Alternative way to remove white film (bloom) from Hunter rubber boots-Updated

NOTE:  Please see update at end of post for another cleaning method that works equally well…

My wife picked up a pair of heavily discounted Hunter rubber boots tonight.  I expect they were discounted because they were covered with a white disgusting film.  I did some googling and found out that this white film is called “bloom” and is a natural occurrence with real rubber.  Some further searching revealed that Hunter makes a “boot buffer” that apparently removes the white film from the boots.  Unfortunately when I discovered this it was 10pm at night and I certainly didn’t have any “Hunter boot buffer” on hand.  I did some further searching on “rubber bloom” and found some folks that have used goo-be-gone and other degreasers to remove the film.  The only problem with these product is they tend to leave an oily film and smell. I went to my shop and decided to try some new car finishing/wax that I had picked up recently called FW1.  From what I can tell it is a combination degreaser/wax, so other similar products may also work.  I sprayed it on a boot and got into all the cracks using a Lee Valley surgical brush (a note that these if you don’t have a supply of these in your house you are seriously missing out on one of the most useful things to have around,42551,10259)  then wiped it off.  The results are in the picture below.   It not only cleaned the boot nicely but also gave it a good finish without looking greasy or oily…and when you are done cleaning your boots you can go and wax your car with it 🙂


UPDATE:  My lovely wife was so pleased with how well the boots cleaned up that she went and bought the 2 other discounted pairs.  When I went to clean the bloom off the 2nd pair I realized that I might be able to improve on using FW1.  FW1 is a combination cleaner and wax, and I quickly discovered that it is the CLEANER part that removes the bloom and not the wax.  While it works good, it requires a huge amount of wax to get just a little cleaner.  It also may not be readily available in some areas.  I went to my garage to see what else I had in more readily available automotive supplies.  I tried some glass cleaner and de-greaser, which did not work at all (Glass Kleen).  I tried some commercial wax and grease remover (used for automotive painting prep) which worked good, but seemed a bit strong and also has a nasty smell.  I had a Mequiar’s 3 step wax kit on hand, which has a cleaner, polish, and wax with it.  I thought I would try the cleaner part to see if it would remove the bloom.  It worked great and did not have the excess wax of FW1.  I expect that any pre-waxing cleaner would work, but be careful not to use one that contains any “polish”, since polish is abrasive and would probably scratch up the rubber.  The cleaner removed the white film, but the boot itself was not as shiny as the FW1 due to the lack of any wax (picture to the left below).  To try to get a nice glossy finish I used the Carnauba wax that Mequair’s uses for step 3 of their kit (skipped step 2 which is the scratchy polish).  It worked like a charm and resulted in a nice glossy finish (picture to the right below).  I expect even if you don’t have any white bloom film on your boots that a quick Carnauba wax would make them look like new (any brand would work).  I used my power buffer just because it was more fun than doing it by hand. (note:  To state the obvious, I have no idea if any of these cleaning techniques violate any kind of warranties with Hunter, they are simply information on what worked for me.)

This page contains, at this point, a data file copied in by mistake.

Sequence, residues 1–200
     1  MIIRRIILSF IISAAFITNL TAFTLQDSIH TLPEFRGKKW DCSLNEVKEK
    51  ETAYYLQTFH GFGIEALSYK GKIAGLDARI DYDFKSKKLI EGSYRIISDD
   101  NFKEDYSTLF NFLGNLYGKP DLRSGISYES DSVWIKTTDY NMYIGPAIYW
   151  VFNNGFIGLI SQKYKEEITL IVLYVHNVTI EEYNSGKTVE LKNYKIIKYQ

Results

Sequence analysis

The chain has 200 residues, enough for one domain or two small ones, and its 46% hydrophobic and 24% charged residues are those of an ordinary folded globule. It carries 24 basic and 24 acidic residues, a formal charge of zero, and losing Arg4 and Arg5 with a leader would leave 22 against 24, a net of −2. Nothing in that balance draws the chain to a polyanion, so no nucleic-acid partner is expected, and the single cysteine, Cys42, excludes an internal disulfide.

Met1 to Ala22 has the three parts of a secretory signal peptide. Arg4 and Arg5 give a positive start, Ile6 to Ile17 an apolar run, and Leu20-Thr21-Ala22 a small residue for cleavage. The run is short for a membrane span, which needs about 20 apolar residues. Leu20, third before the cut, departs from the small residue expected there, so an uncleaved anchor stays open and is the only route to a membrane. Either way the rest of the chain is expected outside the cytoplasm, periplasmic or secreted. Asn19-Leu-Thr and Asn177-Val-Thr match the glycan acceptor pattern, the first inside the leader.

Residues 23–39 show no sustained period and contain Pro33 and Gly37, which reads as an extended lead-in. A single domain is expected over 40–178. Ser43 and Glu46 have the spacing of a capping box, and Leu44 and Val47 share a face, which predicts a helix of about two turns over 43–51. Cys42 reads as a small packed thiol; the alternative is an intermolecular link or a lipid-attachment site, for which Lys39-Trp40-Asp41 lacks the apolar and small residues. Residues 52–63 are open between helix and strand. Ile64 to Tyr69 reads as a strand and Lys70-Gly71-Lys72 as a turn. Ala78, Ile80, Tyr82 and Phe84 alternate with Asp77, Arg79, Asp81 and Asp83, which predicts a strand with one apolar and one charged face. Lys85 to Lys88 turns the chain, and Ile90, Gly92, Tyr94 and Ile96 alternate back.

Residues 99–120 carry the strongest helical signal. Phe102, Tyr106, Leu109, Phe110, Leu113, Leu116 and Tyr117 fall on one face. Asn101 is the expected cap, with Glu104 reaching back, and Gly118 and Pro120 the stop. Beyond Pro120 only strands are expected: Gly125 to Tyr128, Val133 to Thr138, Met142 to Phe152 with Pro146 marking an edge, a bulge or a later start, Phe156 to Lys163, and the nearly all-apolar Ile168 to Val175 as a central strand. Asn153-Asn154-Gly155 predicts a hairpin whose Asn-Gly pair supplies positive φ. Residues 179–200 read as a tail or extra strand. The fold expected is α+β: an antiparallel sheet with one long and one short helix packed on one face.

boots_step1     boots_step3

7 Responses to Alternative way to remove white film (bloom) from Hunter rubber boots-Updated

  1. Anna May 19, 2014 at 11:48 am #

    This was so helpful, thank you!!

  2. Cathy September 8, 2014 at 5:49 pm #

    Now that some time has passed, would you say it’s still a good choice. I’m searching for a recipe or alternative to buying the Hunter brand boot buffer. Thanks!

    • admin November 30, 2014 at 12:10 pm #

      Yes the 3 pairs of boots that we have all look good. The one pair was starting to get a bit white this fall and I used the same solution and it refreshed the boots so they look like new again.

  3. Athena Hoffman-Karp December 30, 2016 at 7:48 pm #

    Thank you SO much! I have this “bloom” also. But I also have only worn my boots 3 times. One time last year in the snow. I wore them once this year and yesterday I notice that there is some “PEELING near the toe of one boot!! So disappointed! I paid a fortune for these (which I never do) because I thought I would be wearing then for years! I keep EVERY receipt, so guess what? I cannot find my receipt and probably threw away the receipt. I am going to try to exchange them at Nordstroms. Hopefully they will believe that I bought them there. Otherwise, I am out $150!!

  4. Mission:Blooming Boot December 28, 2018 at 10:35 pm #

    Hey, I have a question, after going through this process of cleaning with all these cleaner/degreaser, what happened when the boots dried from cleaning? Did the blooming come off or was is still visible? Thank you.

  5. Donna Kelly January 27, 2019 at 1:42 pm #

    I use a little cooking oil on a paper towel. Works great

  6. BartleBobton January 23, 2021 at 2:57 am #

    Great little article, funny too ….

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